BOB ABERNETHY, anchor: Bishop T.D. Jakes and other black church leaders announced a new initiative to promote HIV/AIDS testing and awareness in their congregations. Almost half of all new HIV diagnoses are among blacks. Evangelical churches, both black and white, have long been accused of not doing enough on the issue. But Kathi Winter is one evangelical trying to change that. It's a very personal crusade for her, as Kim Lawton reports.
KIM LAWTON: Kathi Winter is a busy executive in the travel industry, but every three hours she stops to pop a pill. Winter takes a lot of pills everyday. She's HIV positive, and her "cocktail" of meds keeps AIDS at bay.
KATHI WINTER (Founder, Believing Education for HIV): I really feel blessed to have them, because so many, many people in the world don't. So when I take them I actually say, "Bless you Lord, bless you." You know, I'm thanking God because I have the money and I have the opportunity to have a good doctor.
LAWTON: Winter is an evangelical Christian in Orange County, California. She's made it her life's mission to educate the public, and churches in particular, about HIV, the virus that causes AIDS.
Ms. WINTER: I could be in your church. I could be in your pew. I could be in your choir. Look at me. You can't tell if somebody has HIV from looking at them. It's really good for people to see that anybody can get HIV. It's not a respecter of persons. So my goal is to speak openly about it and to educate, because if I've had the education I wouldn't have gotten the disease.
LAWTON: Winter contracted HIV more than 10 years ago. She was newly divorced and lonely and got involved with the evangelical leader of a ministry to the homeless. She calls him "Fred" to protect his identity.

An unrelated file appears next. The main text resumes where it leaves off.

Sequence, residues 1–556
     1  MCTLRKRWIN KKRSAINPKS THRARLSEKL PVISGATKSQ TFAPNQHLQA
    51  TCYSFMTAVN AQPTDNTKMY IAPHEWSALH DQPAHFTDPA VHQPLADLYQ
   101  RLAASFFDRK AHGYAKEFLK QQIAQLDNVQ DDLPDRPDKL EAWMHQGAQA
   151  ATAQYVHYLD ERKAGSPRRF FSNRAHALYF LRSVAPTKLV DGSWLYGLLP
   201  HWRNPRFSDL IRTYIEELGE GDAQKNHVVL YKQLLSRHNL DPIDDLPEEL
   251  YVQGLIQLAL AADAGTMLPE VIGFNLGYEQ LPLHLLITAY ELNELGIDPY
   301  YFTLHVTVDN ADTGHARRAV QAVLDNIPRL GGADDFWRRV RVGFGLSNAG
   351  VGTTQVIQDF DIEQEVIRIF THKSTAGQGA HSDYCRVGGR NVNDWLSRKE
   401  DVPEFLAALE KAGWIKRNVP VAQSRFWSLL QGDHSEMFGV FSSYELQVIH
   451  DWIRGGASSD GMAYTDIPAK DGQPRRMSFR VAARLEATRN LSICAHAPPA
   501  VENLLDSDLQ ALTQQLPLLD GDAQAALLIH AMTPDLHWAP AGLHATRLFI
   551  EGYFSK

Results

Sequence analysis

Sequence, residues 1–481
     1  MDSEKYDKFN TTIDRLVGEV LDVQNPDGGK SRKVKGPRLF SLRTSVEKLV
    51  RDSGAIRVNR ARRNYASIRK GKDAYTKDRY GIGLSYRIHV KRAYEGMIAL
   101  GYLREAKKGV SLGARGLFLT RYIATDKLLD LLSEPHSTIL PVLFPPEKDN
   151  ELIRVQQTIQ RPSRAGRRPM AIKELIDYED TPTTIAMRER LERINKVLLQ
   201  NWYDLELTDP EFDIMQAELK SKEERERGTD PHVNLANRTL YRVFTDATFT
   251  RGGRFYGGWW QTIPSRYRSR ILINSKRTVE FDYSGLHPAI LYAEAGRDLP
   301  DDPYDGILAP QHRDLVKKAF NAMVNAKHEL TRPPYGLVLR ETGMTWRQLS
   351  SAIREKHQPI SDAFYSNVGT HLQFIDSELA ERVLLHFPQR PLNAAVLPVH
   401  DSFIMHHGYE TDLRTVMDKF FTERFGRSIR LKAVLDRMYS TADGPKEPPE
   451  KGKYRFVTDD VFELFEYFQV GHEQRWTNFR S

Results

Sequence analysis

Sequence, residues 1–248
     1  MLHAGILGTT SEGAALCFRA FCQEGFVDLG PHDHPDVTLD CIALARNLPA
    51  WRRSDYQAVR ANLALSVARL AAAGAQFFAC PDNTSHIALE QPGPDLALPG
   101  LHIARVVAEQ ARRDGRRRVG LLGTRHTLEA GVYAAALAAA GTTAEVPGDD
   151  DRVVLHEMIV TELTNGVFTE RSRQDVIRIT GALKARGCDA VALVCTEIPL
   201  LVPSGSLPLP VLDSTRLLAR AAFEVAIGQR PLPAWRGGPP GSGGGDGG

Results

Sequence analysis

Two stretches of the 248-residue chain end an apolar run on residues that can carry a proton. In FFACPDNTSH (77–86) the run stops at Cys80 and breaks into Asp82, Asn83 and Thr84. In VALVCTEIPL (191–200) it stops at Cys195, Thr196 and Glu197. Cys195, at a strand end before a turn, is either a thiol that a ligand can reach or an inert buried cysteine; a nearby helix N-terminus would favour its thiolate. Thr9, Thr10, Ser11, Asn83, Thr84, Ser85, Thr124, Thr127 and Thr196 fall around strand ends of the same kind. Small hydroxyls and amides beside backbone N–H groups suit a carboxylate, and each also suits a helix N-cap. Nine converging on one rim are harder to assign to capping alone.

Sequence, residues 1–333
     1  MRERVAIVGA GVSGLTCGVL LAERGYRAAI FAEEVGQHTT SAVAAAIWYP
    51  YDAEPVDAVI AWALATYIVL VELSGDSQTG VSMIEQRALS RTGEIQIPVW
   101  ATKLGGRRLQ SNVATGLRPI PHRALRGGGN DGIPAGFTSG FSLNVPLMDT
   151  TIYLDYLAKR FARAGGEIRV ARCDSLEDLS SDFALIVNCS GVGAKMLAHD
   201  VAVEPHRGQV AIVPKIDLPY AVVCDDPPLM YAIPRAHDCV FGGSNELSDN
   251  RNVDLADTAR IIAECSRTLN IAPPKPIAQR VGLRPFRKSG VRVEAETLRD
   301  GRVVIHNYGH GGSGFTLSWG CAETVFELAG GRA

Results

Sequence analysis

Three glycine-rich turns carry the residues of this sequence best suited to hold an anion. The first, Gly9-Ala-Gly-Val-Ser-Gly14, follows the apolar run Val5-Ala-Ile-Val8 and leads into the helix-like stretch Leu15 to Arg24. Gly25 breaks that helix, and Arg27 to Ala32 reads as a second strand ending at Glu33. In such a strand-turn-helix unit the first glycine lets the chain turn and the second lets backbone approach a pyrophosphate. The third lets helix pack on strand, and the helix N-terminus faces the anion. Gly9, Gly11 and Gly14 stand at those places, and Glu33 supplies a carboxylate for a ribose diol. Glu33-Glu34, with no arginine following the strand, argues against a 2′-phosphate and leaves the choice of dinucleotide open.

Ms. WINTER: I knew he had been on drugs, and I knew somewhere that that was dangerous, but I felt that love conquered all, that it was okay. God gave me this love, you know, it would be all right.
LAWTON: Fred got sick, and Winter took him to the hospital. He was diagnosed with full-blown AIDS. Doctors urged Winter to get tested for the HIV virus.
Ms. WINTER: I found out that Fred had been told he was HIV [positive] about nine years before he met me, and he denied it, and this is a very typical thing. Denial is a huge part of HIV for everybody. I denied that I could get it. He denied he had it. I think the betrayal was worse than getting the disease, and I think many people who get HIV -- it's because of betrayal. The partner lies, or the partner doesn't know. The partner's never been tested, or the partner won't wear a condom, the partner won't get tested.
LAWTON: Her positive test results led to a spiritual struggle.
Ms. WINTER: I really had a lot of soul searching and crying, and crying out to God and saying, "Where were you, God? I accepted you as my Lord. Where were you? Why didn't you protect me?" And I think a lot of people expect God to do the work that they should do themselves. I didn't protect myself. I can't blame God. But it took a while for me to get over that.
LAWTON: Winter says her faith helped her to eventually forgive Fred.
Ms. WINTER: I would say that the way you get to forgiveness is to really express the pain. If you keep it inside in your heart, it grows like a bad weed and it ruins everything, and God really showed me that.
LAWTON: She now actively works to raise awareness about HIV, especially in churches. She credits pastor and best-selling author Rick Warren and his wife Kay with pushing evangelicals to realize they need to overcome the stigma that often surrounds HIV.